A discussion about what you can and can’t do with a Blazor app running on a Raspberry Pi wrt interacting with Sensors on the Pi whilst sending the data to an Azure IoT Hub. Includes some exploration of attempts to get around limitations.

Wishlist

Wouldn’t it be nice if you could run a Blazor WASM manifestation such that the Server runs on one device, acting as an Edge Gateway to IoT hub and the WASM client runs runs on multiple devices each with sensors…Nah!

About Blazor

Blazor is based upon ASP.NET Core which in turn is based upon .NET Core. It facilitates the develop of apps that are presented over the web and run in a device’s browser.

A Blazor app may just be a server side app with the client browser just rendering the content the server generates and sends to it. It runs in this mode as a traditional web server, except that it has full access to .NET Core APIs. This means it can us the dotnet/iot API to interact with hardware connected to the device on which it runs. So, or example, a temperature sensor connected to a a RPi running a Blazor server app can read the temperature and render this as content back to the client’s browser.

An alternative scenario is, Blazor Web Assembly (WASM). With this there is a still an (optional) Blazor server, but it can deliver a browser based app that can also exploit much of the .NET Core functionality. This client app can actually be installed on the client and run off line, if it has been set as a PWA app.

Introduction to ASP.NET Core Blazor on Microsoft Docs
Blazor University
.NET Core/ASP.NET Core Installations: Download .NET Core Landing Page
Awesome Blazor resource on GitHub

Blazor Project Types

With a Blazor Web Assembly scenario, the Server is an ASP.NET Core (.NET Core) project, the Client is a .NET Standard project as is the third Shared project.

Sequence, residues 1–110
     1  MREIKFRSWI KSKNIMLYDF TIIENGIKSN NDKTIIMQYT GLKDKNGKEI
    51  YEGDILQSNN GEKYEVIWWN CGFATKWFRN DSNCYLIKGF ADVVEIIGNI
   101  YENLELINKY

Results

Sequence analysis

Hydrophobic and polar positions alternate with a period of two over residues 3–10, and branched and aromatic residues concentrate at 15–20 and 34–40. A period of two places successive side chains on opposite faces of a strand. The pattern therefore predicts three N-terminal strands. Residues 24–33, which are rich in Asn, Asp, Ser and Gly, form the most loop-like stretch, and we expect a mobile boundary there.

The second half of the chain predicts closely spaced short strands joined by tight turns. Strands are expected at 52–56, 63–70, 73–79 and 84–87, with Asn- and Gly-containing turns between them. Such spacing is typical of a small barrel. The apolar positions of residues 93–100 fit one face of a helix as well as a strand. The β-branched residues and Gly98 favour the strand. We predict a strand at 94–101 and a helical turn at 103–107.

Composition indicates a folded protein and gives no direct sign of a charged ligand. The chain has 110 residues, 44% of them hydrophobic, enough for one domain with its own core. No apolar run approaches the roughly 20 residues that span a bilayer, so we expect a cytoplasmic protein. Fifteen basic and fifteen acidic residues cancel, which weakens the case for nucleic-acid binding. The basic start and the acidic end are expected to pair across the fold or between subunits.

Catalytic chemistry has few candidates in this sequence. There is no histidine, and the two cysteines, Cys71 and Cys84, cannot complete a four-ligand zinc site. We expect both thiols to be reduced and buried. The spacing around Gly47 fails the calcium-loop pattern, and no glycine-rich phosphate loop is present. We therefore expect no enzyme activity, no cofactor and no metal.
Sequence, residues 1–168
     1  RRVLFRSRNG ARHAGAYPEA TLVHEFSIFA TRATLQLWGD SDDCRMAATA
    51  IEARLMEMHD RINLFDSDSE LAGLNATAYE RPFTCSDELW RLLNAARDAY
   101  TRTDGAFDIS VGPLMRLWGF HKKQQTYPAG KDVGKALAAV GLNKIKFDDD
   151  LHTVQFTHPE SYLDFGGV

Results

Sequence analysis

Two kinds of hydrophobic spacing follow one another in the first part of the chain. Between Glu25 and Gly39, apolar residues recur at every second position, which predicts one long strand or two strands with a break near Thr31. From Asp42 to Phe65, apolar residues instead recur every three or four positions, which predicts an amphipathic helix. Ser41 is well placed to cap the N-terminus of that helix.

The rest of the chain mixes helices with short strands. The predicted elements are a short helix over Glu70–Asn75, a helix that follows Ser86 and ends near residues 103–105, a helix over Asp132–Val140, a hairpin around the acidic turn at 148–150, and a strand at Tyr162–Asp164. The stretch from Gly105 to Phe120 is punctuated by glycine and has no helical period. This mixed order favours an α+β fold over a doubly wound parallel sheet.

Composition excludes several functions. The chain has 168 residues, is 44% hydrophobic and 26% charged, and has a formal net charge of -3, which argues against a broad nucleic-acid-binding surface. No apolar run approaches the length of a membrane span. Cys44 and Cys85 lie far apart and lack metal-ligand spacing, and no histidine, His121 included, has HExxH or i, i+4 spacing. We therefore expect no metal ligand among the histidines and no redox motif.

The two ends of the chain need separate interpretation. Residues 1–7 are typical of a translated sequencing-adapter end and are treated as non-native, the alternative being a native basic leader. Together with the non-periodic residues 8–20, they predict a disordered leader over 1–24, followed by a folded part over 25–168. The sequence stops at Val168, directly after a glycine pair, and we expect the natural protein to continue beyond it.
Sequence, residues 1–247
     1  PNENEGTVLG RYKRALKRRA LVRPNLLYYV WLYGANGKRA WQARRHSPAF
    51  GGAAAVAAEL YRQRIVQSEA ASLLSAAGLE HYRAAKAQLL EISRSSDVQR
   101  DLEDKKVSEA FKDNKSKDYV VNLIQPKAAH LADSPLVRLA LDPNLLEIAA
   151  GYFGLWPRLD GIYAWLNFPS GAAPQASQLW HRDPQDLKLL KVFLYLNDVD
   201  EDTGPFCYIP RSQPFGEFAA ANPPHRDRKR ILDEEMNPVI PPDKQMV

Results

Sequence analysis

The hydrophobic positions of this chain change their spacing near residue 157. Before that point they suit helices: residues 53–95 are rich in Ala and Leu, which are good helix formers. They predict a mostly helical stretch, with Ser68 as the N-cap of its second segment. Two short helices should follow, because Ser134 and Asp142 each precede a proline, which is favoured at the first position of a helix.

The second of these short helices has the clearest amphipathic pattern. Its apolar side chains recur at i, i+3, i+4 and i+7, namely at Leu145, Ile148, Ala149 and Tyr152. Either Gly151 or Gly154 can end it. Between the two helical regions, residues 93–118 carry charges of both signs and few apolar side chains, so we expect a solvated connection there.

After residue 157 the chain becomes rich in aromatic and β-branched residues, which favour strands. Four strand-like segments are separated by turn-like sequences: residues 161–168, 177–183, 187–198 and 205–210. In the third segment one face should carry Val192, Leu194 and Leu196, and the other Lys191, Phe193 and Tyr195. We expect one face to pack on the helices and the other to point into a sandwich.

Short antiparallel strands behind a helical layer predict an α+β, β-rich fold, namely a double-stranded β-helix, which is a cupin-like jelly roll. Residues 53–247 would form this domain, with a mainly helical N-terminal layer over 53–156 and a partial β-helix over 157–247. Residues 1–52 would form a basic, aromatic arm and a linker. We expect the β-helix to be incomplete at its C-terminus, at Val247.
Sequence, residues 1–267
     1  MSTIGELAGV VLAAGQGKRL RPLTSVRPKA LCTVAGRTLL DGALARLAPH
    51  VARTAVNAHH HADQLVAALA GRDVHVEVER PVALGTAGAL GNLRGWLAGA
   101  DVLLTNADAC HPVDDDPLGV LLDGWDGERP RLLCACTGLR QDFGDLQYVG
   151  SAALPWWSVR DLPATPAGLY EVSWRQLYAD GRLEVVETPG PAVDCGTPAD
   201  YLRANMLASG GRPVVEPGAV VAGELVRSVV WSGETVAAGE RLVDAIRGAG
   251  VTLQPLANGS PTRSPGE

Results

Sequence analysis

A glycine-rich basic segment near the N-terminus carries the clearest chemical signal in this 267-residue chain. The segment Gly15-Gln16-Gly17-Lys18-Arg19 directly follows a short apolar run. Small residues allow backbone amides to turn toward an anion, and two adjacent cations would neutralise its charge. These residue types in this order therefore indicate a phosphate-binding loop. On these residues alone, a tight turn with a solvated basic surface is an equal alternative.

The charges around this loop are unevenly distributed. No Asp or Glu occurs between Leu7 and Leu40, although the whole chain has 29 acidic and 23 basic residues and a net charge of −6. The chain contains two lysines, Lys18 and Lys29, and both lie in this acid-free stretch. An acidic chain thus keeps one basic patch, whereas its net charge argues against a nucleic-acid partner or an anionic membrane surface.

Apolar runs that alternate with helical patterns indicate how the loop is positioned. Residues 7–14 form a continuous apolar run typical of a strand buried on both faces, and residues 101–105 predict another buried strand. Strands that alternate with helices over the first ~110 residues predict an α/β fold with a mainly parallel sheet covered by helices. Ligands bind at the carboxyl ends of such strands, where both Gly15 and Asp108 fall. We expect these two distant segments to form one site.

About dotnet/iot

Previous blogs on this site have discussed the use of this library for accessing hardware on devices such as the RPi running Windows 10 IoT-Core or running Raspian. It targets .NET Core so possibly could be used with ASP.NET Core. There also a significant number of posts, including numerous samples, on this site with respect to communicating with an Azure IoT Hub from .NET Core.

This API, as available on GiTHub, support access to hardware on devices that are running Linux or Windows 10 IoT-Core, such as the Raspberry Pi. The primary support is via GPIO through the System.Device.GPIO Library that can be installed in projects via Nuget. The package is built from a .NetStandard project. The second Library, built on top of this, is the IoT.Device.Bindings API. This provides drivers for a vast range of device add-ons such as sensors and actuators. With each driver there is a .NET Core sample project to demonstrate its use. The project for this is a .NET Core project and therefore this API cannot be used with a .NET Standard project. It can though be used with .NET core and ASP.NET Core project. Again, it added through Nuget.

Ref: dotnet/iot on GitHub.
An app for specifically browsing the Device Sample app and for getting them without downloading the whole repository:
dotnet/iot Sample Apps A Blazor PWA App hosted on Azure.

Nuget Install to a Project:

nuget install System.Device.Gpio
nuget install Iot.Device.Bindings

What Can and Can’t be done with Blazor and IoT

  • The Blazor server (whether part of a WASM scenario or not) can interact with sensors and actuators connected to it.
  • The Blazor client cannot (directly) interact with hardware connected to it whether running aa a WASM app or just rendering server content.
    • The (directly) qualification is because you could run both the client and server on the one device.

Look Ahead at Apps in this Blog Sequence:

Next: A Blazor Simulated IoT Hub Device. (Coming)


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